Fortunately, for me (and less so for the you guys), I took pictures when I did this conversion. Even more amazing, I was able to find those pictures over a year later. Since this sorta jogs my memory, well, this blog ain’t over yet. What I’ll do is step through these one by one, in more or less the proper order, and give a running narration of how I remember this coming together.
Step one: Get a grip
The 1010 is a surprisingly complicated air pistol for such a cheap little peashooter. It requires a level of patience all out of proportion to the lowly nature of the gun. So be prepared. Just for reference, this is what the “naked gun” looks like:
Step two: Do everything else
The next three pictures are a bit of a cheat. I had never photographed the very first steps, so these are recent. Cock the gun halfway (pull the slide back, but do not return it forward), remove the front screw and loosen the others.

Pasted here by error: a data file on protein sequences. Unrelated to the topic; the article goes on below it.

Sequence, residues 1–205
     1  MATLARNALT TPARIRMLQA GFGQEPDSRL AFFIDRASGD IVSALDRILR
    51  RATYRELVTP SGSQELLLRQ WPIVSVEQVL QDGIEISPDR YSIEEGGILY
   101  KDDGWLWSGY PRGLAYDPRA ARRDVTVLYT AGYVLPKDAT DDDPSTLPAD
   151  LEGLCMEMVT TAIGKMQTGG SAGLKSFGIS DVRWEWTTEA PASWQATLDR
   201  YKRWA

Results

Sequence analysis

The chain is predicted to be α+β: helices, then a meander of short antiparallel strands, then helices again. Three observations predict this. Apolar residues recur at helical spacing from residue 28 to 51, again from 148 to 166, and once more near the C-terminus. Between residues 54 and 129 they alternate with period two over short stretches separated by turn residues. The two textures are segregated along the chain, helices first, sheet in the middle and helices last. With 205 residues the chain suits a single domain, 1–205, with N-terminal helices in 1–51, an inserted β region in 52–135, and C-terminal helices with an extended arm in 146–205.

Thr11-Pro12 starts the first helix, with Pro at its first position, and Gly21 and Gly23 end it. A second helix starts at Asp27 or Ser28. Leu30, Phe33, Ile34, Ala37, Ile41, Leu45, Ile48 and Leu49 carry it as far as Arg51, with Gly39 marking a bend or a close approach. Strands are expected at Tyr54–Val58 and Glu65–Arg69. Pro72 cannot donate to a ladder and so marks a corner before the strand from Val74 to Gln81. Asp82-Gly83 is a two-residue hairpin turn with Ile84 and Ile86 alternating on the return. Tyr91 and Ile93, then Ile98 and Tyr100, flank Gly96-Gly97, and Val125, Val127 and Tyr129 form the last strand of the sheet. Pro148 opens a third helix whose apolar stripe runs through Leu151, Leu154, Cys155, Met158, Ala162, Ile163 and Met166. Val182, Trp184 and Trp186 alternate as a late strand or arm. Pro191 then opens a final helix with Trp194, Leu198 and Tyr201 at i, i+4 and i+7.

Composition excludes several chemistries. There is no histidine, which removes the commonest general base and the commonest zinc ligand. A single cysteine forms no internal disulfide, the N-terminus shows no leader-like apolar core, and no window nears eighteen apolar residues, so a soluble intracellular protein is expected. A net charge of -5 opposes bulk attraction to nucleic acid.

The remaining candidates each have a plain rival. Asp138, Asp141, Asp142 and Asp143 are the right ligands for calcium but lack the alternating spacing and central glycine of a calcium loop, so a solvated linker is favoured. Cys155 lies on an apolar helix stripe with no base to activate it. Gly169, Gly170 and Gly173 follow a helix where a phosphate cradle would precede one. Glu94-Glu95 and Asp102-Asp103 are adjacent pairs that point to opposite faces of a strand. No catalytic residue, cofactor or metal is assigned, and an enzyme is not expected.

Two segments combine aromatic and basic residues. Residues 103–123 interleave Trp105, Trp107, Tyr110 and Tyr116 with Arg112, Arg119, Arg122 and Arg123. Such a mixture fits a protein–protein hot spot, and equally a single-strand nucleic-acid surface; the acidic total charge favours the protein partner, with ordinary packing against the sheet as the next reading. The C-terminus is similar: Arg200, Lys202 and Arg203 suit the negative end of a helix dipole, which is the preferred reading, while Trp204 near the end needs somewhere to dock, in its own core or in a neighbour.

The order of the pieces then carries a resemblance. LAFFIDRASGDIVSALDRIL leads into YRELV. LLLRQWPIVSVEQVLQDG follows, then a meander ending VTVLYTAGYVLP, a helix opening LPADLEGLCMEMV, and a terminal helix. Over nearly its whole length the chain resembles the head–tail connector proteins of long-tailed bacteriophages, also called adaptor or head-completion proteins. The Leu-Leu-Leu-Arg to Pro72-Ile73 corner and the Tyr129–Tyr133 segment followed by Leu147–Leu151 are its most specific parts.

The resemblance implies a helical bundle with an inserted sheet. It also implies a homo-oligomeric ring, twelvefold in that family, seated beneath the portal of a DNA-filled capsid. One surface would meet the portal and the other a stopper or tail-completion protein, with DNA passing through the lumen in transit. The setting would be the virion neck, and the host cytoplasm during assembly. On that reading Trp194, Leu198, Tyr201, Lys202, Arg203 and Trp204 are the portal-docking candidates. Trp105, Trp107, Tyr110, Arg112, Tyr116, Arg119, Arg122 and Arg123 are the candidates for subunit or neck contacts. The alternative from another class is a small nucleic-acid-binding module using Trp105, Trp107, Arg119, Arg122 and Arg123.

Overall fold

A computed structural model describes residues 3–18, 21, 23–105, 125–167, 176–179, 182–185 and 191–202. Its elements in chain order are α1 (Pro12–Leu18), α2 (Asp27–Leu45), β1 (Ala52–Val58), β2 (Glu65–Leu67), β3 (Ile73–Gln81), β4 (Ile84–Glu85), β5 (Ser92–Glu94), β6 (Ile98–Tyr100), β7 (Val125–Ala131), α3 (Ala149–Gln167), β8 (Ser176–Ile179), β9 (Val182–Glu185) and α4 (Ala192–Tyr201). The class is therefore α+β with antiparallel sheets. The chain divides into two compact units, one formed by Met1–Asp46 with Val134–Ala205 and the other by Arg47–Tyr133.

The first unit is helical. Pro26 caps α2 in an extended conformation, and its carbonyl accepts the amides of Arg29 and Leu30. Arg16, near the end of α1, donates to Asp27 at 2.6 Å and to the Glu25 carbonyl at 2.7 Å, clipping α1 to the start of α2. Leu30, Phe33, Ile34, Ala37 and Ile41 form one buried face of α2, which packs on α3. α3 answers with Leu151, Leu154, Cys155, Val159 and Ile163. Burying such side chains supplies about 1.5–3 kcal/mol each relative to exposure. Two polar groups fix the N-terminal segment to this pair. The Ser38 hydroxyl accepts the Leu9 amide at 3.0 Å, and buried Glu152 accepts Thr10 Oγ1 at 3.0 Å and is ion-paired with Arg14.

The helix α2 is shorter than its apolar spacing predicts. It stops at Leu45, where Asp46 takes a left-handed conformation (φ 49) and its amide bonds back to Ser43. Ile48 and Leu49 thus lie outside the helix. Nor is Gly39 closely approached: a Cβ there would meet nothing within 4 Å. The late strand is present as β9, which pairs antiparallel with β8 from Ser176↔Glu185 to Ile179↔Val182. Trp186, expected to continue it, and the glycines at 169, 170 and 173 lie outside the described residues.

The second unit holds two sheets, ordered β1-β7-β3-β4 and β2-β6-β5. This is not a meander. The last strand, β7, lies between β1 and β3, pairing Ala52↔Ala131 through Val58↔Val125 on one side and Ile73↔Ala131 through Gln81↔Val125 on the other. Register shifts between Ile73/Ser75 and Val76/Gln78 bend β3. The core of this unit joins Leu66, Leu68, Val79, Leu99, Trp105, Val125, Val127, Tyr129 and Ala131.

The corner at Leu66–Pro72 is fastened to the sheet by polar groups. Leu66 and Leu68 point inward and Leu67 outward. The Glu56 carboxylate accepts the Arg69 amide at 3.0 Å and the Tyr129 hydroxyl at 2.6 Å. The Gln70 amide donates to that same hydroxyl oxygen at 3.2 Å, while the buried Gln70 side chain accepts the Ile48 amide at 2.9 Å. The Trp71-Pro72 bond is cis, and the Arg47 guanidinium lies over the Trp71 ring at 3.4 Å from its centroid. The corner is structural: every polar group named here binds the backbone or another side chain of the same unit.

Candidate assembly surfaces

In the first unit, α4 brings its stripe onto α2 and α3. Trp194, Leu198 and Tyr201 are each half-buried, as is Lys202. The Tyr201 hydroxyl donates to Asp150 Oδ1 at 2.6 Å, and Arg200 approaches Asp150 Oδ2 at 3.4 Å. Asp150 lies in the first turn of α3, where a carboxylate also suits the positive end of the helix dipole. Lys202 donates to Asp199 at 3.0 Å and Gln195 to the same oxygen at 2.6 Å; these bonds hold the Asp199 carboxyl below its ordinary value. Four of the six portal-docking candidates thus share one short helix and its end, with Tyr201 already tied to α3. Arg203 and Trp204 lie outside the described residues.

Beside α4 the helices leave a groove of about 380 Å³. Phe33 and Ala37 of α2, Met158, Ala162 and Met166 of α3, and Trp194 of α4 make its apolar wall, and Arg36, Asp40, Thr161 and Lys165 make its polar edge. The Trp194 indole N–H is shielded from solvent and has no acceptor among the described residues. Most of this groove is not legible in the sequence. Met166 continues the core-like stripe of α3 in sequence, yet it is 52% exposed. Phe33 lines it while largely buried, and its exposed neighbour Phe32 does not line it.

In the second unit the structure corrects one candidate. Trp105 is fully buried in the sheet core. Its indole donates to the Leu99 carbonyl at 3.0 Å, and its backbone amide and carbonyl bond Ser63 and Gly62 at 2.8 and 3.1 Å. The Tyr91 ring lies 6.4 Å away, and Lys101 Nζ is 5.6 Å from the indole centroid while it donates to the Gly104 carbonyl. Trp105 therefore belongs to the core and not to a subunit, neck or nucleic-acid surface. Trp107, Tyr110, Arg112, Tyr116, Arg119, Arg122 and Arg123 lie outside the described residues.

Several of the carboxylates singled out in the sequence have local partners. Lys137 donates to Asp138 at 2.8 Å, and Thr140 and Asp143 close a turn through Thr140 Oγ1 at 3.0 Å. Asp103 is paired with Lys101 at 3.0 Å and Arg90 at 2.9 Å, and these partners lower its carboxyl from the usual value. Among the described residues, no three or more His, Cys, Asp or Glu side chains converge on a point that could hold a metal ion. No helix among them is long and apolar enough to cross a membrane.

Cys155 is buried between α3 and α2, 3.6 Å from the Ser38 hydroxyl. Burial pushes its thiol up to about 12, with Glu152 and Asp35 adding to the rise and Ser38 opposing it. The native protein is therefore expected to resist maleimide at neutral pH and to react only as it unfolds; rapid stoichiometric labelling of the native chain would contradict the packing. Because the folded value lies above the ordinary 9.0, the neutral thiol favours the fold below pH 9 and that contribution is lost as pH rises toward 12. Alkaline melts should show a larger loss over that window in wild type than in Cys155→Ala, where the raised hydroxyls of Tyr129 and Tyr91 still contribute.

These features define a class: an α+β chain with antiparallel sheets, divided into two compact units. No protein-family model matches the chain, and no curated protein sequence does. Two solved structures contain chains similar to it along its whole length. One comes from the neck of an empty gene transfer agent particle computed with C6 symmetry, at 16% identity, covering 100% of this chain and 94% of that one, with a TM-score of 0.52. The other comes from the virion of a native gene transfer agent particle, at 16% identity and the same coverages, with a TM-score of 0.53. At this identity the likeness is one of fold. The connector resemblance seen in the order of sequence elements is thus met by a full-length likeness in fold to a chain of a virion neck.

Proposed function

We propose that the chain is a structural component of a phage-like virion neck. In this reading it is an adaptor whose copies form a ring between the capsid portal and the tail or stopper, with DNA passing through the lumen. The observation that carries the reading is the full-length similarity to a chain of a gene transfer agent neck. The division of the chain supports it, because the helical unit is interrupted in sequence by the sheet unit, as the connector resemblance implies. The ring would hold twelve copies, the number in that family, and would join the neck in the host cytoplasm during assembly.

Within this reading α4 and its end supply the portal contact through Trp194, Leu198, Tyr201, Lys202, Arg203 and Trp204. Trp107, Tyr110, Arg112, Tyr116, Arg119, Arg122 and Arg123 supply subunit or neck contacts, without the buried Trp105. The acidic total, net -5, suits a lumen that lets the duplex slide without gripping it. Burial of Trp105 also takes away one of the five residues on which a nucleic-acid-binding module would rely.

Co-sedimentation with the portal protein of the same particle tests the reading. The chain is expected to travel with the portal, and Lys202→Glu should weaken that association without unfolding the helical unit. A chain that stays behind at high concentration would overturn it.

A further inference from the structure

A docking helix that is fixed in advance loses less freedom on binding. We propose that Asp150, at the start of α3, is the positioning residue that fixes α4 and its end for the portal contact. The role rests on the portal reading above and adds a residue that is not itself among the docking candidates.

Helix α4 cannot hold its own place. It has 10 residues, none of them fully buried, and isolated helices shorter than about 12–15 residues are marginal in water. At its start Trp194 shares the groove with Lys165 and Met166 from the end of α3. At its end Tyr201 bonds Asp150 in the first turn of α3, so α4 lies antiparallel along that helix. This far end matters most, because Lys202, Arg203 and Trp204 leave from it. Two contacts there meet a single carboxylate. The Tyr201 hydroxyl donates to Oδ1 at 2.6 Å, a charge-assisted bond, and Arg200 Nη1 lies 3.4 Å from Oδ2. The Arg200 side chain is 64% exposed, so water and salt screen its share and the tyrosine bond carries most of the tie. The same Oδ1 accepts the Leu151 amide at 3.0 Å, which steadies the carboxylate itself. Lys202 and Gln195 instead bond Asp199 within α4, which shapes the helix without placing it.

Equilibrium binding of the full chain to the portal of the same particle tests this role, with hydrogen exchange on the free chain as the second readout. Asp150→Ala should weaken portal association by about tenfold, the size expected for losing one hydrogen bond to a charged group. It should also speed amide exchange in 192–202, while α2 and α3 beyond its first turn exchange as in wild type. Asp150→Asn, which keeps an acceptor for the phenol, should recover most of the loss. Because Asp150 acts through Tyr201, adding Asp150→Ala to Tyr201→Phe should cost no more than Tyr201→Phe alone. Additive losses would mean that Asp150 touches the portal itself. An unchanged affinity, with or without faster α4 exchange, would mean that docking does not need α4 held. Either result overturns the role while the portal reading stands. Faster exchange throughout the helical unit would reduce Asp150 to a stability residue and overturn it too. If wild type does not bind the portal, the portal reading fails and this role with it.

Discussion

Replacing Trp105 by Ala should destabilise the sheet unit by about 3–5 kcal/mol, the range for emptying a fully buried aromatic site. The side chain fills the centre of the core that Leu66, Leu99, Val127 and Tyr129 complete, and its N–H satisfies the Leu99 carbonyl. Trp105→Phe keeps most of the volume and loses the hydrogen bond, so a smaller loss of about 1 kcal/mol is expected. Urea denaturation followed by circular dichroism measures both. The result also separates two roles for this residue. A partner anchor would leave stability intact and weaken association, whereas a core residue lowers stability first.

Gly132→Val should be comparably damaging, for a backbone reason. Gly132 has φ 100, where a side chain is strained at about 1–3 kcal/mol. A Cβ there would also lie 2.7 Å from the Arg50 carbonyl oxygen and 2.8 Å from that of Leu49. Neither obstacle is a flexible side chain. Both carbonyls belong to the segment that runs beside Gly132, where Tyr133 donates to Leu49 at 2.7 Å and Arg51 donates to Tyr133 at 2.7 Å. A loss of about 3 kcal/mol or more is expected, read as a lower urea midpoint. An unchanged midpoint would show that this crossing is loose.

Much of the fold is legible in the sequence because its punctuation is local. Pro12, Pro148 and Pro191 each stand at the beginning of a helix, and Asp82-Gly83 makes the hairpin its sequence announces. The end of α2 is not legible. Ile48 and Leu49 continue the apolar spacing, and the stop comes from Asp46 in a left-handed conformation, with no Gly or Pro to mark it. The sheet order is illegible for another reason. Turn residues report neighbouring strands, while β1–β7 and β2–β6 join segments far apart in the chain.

Gently pry the halves of the gun slightly apart at the muzzle. NOTE WHERE THAT LITTLE SPRING IS! You’ll need to put it back, and it probably won’t cooperate. Once you’re familiar with where it goes, spread the gun halves just enough to get out the barrel assembly.
If you lay the Daisy 499 shot tube next to the barrel housing, you’ll get a general idea of how it needs to go in. The outside diameter of the old tube is 1/4″, while the OD of the 499 is 5/16″. Except for the very end, where it’s VERY conveniently turned down to 1/4″ from the factory:
Here’s where I may have inadvertently taken the long way around. I suspect it would have been easier to turn down the OD of the Daisy tube to 1/4″, cut off a hunk of the proper length and just slide it back in the way the old one came out. But, NOOOO! Easy ain’t for me. Besides, I don’t have a lathe, so I did it the hard way. I drilled out the front of the barrel housing with a 5/16″ bit.
Make sure that the plastic bosses on the underside of the housing are cut away as necessary.
The new barrel can be slid in from the front until it’s even with the back.